The Student News Site of North Carolina A&T State University

The A&T Register

The Student News Site of North Carolina A&T State University

The A&T Register

The Student News Site of North Carolina A&T State University

The A&T Register

N.C. A&T celebrates the 62nd sit-in anniversary in-person after a one-year hiatus


Two years ago, the sit-in anniversary was celebrated in the Alumni-Foundation Event Center, however, this year’s event had breakfast in the Deese Ballroom, a wreath ceremony, and recorded live on N.C. A&T’s Facebook page in honor of The A&T Four.

The Human Rights Medal was not awarded this year because the committee is using this year to revamp the criteria and nomination process.

Penny Smith, a current staff senate chair at N.C. A&T helped ensure people were guided to their seats at the breakfast for the 62nd sit-in anniversary. She expressed her enjoyment of the celebration being in-person.

“It feels awesome [to be in person]. Already it is an electric event, but just to have people in person is already more electric and just knowing we have some legends in the room is amazing. It is a great event,” Smith said. 

The celebration commenced with the annual breakfast, and a video of various media clips of the A&T Four; Jibreel Khazan (formerly Ezell Blair Jr.), Gen. Joseph McNeil, the late Franklin McCain, and the late David Richmond. 

Following a CBS video presentation honoring The A&T Four, Brandon Richardson, a soloist from N.C. A&T Fellowship Gospel Choir sang the Black National Anthem. The keynote speaker this year is last year’s recipient of the Human Rights Medal, North Carolina’s Supreme Court Justice Anita Earls.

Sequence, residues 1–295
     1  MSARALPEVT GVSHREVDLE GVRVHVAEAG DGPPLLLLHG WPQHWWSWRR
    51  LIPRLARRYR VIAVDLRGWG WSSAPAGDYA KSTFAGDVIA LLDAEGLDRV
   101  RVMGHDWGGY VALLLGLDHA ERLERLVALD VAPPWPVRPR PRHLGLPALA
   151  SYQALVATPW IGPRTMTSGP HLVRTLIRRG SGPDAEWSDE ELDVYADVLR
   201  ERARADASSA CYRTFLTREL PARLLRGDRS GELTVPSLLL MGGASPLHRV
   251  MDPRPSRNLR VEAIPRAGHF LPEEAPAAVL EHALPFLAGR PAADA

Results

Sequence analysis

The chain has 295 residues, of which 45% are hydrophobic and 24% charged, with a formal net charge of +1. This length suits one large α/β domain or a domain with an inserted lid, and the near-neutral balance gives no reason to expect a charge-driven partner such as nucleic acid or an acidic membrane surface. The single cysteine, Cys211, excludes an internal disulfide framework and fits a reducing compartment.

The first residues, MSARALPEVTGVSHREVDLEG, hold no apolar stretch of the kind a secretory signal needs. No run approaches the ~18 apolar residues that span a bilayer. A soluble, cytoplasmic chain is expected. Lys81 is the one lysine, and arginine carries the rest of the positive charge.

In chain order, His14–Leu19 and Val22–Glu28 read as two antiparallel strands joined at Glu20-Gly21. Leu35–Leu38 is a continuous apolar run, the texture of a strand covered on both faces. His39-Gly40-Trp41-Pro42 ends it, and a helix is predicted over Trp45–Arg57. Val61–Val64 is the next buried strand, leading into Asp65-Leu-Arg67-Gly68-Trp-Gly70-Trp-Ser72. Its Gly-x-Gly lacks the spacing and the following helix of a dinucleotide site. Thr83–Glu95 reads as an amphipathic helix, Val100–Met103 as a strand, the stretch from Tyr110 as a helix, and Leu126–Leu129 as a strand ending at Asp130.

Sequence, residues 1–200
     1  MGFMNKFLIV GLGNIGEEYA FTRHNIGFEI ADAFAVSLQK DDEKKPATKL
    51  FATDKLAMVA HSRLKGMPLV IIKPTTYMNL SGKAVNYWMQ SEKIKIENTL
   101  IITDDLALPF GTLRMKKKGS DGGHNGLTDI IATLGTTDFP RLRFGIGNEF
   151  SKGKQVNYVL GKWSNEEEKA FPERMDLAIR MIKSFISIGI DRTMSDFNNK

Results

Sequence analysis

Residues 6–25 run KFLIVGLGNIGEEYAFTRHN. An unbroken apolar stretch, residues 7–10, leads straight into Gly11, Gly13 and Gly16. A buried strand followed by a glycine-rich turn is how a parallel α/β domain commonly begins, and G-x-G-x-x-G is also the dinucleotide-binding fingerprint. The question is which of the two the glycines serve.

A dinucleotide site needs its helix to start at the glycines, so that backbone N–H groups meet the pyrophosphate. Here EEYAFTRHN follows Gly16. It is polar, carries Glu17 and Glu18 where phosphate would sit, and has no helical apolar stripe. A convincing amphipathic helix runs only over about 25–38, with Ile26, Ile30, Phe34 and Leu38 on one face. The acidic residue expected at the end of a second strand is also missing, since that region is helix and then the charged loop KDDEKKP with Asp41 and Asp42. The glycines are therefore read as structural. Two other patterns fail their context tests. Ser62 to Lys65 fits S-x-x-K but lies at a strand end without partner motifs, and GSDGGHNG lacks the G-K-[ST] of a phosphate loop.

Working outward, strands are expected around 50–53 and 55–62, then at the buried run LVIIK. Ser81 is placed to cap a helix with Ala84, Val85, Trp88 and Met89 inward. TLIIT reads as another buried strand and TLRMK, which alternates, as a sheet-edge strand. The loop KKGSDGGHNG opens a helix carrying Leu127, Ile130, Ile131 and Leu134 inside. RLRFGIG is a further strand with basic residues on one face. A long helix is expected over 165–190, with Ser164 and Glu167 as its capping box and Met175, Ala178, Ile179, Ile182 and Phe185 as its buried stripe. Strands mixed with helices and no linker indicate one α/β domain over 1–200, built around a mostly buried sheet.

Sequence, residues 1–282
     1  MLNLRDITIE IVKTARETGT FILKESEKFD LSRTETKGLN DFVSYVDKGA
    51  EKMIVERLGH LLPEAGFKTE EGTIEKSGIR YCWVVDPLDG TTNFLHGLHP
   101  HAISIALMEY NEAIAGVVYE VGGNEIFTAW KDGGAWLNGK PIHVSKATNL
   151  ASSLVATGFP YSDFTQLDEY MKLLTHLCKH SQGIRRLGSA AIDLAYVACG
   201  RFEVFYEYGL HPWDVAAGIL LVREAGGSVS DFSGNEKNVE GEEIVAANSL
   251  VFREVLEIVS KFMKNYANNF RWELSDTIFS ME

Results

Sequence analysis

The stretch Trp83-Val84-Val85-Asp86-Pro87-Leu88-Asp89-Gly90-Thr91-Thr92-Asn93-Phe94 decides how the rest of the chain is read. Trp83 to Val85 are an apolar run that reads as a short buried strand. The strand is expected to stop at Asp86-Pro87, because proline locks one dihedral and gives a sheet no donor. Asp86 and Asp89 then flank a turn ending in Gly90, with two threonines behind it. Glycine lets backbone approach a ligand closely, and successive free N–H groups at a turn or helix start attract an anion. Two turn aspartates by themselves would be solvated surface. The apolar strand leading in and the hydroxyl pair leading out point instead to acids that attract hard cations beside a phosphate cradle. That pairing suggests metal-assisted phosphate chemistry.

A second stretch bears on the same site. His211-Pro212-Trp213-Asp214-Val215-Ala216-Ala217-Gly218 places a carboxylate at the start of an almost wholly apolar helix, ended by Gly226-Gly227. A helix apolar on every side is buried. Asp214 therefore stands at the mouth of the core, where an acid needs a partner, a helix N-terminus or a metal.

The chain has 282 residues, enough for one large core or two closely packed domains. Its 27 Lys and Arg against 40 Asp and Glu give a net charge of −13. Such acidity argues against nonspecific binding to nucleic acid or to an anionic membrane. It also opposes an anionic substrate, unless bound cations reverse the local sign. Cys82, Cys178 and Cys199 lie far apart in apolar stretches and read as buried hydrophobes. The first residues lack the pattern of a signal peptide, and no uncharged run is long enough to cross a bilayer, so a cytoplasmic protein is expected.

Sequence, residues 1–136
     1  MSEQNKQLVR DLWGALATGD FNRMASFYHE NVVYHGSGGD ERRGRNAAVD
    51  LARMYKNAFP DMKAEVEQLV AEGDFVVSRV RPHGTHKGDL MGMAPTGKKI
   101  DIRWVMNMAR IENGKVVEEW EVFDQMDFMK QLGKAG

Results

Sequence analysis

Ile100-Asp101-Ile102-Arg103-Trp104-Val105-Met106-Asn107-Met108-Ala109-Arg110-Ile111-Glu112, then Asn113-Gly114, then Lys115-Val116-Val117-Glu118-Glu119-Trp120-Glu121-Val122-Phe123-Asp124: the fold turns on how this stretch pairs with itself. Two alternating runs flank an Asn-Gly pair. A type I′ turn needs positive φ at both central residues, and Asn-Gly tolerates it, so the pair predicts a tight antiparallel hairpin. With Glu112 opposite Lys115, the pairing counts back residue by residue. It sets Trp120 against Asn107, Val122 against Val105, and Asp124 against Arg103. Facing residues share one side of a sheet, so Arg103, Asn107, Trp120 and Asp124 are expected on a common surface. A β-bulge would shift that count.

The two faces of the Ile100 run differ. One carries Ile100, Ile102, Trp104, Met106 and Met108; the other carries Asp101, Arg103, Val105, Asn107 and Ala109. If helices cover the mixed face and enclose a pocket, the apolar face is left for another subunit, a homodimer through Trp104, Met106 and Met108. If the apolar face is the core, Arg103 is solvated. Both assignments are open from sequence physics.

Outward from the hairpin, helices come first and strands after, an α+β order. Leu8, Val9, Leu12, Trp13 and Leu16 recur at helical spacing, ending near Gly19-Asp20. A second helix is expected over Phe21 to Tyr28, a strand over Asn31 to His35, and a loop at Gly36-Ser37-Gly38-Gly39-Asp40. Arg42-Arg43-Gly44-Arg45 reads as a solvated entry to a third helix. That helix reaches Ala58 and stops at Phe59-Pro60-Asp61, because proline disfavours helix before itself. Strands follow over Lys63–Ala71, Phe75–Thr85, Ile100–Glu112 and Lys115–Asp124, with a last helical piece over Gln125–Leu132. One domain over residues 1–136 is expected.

Earls speech touched on the event’s name of “62 Years in the Making: Increasing Our Stride.”  She talked about her work and how her drive to continue protecting civil rights stems from colleagues and the legacy that took place 62 years ago, the Greensboro Sit-in. 

“The sit-in movement that started 62 years ago on Feb. 1 is certainly something that impacted me personally…So much of our commitment to democracy is recognizing everyone’s humanity,” said Earls. “When we have systems and policies and practices and laws at institutions and individual interactions that diminish [human rights] then we are not going in the right direction.”

The program concluded at the A&T Four Statue with a few songs by N.C.A&T Fellowship Gospel Choir, and a few words on what these four men have done. These four men marked a pivotal time in the Civil Rights Movement and the history of N.C. A&T while impacting the lives of black girls and boys.

“I was a young boy growing up in Winston Salem. I have experienced shopping with my mother downtown at stores like Woolworths, where we could not eat at. I saw color-only water fountains and bathrooms.” Chancellor Harold L. Martin said. “So for me to have witnessed the courage of these four men at an institution that was prominent in our community, state, and the nation as a whole it inspired me to continue to do my best work and I am overwhelmed with the opportunity to lead this university today.”

Daina M. Wilson, a sophomore elections committee chair, atmospheric science and meteorology student with a minor in journalism and mass communication, and applied mathematics is grateful for the opportunity to be at this event and to be filled with this history as an Aggie. 

“Honestly, every time I bring someone to campus I always take them to the A&T four statue because that tells a lot of significance of North Carolina A&T State University and the name that we have and the different historical facts that we have here,” Wilson said.

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